A WSS mainly consists of a wavelength multiplex/demultiplexer (MUX/DEMUX), Fourier optics, and a switching engine, as shown in Fig. 1(a). Typically, a liquid crystal on silicon (LCOS) device [3, 4] or a micro-electromechanical systems (MEMS) mirror array [5, 6] is employed for the switching engine, and a bulk grating [3–5] is used for the MUX/DEMUX. A WSS operates as follows: 1) the WDM signal input to the WSS is spectrally decomposed by the DEMUX, Fourier-transferred by the Fourier optics, and focused onto the switching engine; 2) the switching engine, which consists of a number of switch units segmented along the x-axis, deflects the decomposed wavelength components channel by channel and directs them toward any of the output ports; and 3) the deflected wavelength components are spectrally recombined by the MUX. By changing the number of neighboring switch units directing the lights toward the same output port, the spectral grid for each channel is flexibly allocated. Compared to the MEMS mirror array, the LCOS is an advantageous engine for such a flexible-grid operation. This is because the minimum frequency step in allocating the grid for a channel is proportional to the width of the switch unit w (namely, the pixel size in the LCOS, or the width of a single mirror in the MEMS), and the LCOS has one order finer spatial resolution (w~10 μm) than that of the MEMS array (w~100 μm) .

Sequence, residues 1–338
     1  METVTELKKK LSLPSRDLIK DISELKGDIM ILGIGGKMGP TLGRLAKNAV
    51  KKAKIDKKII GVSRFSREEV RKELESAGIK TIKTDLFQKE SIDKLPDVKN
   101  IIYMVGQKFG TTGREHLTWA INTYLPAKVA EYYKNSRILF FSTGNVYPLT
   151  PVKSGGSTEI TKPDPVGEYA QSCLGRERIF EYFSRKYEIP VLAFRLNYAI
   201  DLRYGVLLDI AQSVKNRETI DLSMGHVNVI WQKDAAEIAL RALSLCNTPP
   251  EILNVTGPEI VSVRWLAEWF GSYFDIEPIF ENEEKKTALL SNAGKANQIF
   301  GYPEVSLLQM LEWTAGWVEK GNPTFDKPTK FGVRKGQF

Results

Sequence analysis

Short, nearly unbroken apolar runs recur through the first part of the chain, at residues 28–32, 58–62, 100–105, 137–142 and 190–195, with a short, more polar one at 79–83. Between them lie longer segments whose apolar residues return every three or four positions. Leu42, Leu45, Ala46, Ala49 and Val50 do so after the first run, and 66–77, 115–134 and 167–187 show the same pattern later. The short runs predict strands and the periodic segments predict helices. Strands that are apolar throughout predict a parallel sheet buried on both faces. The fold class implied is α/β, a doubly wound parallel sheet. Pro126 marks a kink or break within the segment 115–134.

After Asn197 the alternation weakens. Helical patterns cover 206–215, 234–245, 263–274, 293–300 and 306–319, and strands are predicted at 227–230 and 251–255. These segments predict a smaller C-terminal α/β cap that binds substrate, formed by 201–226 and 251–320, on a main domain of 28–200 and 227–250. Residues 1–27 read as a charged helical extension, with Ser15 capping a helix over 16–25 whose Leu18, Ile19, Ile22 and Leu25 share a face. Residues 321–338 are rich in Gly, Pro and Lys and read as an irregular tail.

In the conventional LCOS-based WSS with a bulk grating [3, 4], a complicated beam-shaping optics and a micro-lens array were typically required to form a MUX/DEMUX, as shown in Fig. 1(a). This is because the beam profiles along the x- and y-directions need to be asymmetrically designed to obtain the satisfactory performances of the WSS: The y-directional profile is designed to reduce the diffraction loss and the truncation loss at the LCOS, while the x-directional profile is designed to obtain flat-top spectra. As for the y-directional design, the wavefront of each spectrally decomposed light is modulated to a blazed shape at the LCOS for the beam-deflection. The maximum deflection angle of the light θmax is limited due to the diffraction loss, which is induced by the pixelization effect of the wavefront . Typically, the inter-port distance along the y-direction Dport is large (~1000 μm) since it is determined by the spatial pitch of the I/O fiber array. Therefore, a focal length of the Fourier optics F should be sufficiently long so that one can switch the light to the distant output ports with small θmax. A micro-lens array is introduced to adjust the spot size of the beam after the input port in the y-direction and mitigate the excess divergence of the beam during the long free-space propagation over F. The y-directional spot size on the LCOS is therefore, designed to be comparable to the height of the LCOS in order to reduce the truncation loss. Regarding the x-directional design, the spot size of the focused monochromatic light at the LCOS determines the spectral shape of a passband for a channel [5, 7]. The x-directional spot size of the monochromatic light should be narrow on the LCOS in order to obtain the ideal flat-top spectra and maintain the quality of the signal passing through the WSS. A beam-shaping optics comprising cylindrical or anamorphic elements was typically used to control the spot size in x-direction. For the above reasons, the conventional LCOS-based WSS requires many bulky components (e. g. the micro-lens array, beam-shaping optics, and bulk grating) and resulted in a high assembly cost. In particular, an ultra-precise alignment is needed for the micro-lens array, and it consumes excessive time for calibration.